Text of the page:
Indian government officials have said they will announce on Friday how they plan to respond to the killing of 35 people in Indian-administered Kashmir earlier this week. India's army chief said action must be taken following the latest violence.
Senior military, intelligence and Home Ministry officials met in New Delhi to discuss how to respond to the latest violence in India's state of Jammu and Kashmir.
On Tuesday, suspected separatist militants killed more than 30 people, mostly women and children dependents, living on an Army base they attacked near Jammu, the winter capital of Jammu and Kashmir.
A statement following the meeting said steps to refine the strategy and tactics involved in stopping the infiltration of separatist militants into Kashmir were reviewed. The statement said possible military action against support bases for the militants was also discussed.
Prime Minister Atal Behari Vajpayee is expected to discuss India's response to the violence in Parliament on Friday. Mr. Vajpayee has said India will respond but has yet to say how. India's Army Chief S. Padmanabhan told reporters on Thursday he would not discuss specifics, but said the time for action has come.
Following a meeting with India's Home Minister L.K. Advani, U.S. Ambassador to India Robert Blackwill called the violence in Kashmir unacceptable.
"Terrorism is terrorism is terrorism. Terrorism against any country is part of the war on Terrorism. Terrorism against India is as unacceptable as it is against America or any other country," Mr. Blackwill said.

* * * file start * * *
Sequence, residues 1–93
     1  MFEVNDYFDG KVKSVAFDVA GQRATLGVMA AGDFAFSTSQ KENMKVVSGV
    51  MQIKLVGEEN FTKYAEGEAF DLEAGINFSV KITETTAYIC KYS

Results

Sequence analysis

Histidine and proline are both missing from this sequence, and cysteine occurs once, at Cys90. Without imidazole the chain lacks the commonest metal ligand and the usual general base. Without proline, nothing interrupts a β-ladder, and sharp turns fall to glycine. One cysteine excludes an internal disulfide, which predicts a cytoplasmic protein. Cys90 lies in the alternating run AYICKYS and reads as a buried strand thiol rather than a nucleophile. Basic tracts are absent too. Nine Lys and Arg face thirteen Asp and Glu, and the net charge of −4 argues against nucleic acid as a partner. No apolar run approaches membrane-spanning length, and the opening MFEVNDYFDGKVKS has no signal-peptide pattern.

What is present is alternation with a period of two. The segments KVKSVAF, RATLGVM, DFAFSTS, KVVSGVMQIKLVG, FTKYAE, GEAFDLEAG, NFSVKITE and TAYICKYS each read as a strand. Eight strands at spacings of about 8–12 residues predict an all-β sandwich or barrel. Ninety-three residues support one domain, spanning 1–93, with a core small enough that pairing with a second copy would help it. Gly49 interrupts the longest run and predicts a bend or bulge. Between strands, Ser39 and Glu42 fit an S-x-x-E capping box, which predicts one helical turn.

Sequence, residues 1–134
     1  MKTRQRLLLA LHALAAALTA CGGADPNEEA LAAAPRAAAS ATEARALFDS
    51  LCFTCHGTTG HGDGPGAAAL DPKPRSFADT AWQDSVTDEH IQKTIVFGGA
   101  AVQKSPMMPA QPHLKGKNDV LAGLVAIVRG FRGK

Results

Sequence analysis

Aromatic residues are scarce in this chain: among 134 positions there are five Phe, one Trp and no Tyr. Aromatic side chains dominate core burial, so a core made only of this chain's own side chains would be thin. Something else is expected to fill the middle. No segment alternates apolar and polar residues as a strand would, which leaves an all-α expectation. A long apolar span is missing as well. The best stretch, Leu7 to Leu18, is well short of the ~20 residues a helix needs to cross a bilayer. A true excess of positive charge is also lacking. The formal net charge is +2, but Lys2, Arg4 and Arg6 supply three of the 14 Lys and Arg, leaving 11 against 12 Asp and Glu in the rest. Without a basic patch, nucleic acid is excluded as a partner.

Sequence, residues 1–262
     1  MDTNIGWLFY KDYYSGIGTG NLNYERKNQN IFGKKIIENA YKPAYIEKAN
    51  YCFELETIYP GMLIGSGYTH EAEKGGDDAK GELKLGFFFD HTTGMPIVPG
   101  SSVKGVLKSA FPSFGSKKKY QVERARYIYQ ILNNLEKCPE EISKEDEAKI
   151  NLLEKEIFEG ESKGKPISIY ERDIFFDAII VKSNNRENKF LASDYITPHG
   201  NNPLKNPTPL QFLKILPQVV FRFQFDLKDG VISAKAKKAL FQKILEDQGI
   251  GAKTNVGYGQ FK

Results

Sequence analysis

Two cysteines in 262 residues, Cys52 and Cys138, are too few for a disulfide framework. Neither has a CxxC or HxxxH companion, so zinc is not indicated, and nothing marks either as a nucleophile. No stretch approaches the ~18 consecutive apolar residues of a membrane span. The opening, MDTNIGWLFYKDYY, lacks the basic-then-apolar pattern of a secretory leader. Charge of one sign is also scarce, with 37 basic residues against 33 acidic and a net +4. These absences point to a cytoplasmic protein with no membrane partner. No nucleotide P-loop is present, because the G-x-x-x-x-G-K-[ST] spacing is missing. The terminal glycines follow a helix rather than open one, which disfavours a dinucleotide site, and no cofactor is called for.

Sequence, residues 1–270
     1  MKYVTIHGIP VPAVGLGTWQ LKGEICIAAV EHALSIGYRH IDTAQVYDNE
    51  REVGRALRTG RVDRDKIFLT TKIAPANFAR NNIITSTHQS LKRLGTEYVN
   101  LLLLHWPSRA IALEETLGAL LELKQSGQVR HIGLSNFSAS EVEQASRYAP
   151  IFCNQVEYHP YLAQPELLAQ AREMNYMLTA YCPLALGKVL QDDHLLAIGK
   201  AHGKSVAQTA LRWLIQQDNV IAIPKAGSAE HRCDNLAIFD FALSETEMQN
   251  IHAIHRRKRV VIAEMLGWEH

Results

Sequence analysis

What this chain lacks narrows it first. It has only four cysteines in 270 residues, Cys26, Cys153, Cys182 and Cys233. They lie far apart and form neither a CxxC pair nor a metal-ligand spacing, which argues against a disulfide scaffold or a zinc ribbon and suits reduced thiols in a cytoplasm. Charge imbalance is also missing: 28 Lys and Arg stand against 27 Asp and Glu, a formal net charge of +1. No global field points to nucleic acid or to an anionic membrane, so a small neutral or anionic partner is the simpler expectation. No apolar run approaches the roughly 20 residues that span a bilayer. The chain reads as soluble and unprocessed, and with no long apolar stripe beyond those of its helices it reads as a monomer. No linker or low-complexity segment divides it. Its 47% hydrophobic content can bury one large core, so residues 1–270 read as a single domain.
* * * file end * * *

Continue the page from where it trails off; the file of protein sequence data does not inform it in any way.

Indian officials blame Pakistan for the violence, saying there has been no letup in the infiltration of separatist militants from Pakistan. Pakistani officials reject the charge, saying they are not in any way involved in helping anybody cross into Indian territory.
Indian officials have stepped up criticism of the United States since the attack. Defense Minister George Fernandes said U.S. officials prefer to issue statements condemning terrorism rather than help India fight it. Home Minister L.K. Advani on Thursday called for western nations to stop giving aid to Pakistan.
A senior U.S. diplomat, Assistant Secretary Christina Rocca visited both countries this week in an unsuccessful attempt to defuse tensions. Ms. Rocca said the mobilization of troops by India and Pakistan was very worrying, saying a spark could lead to an unintended conflict between the two nations.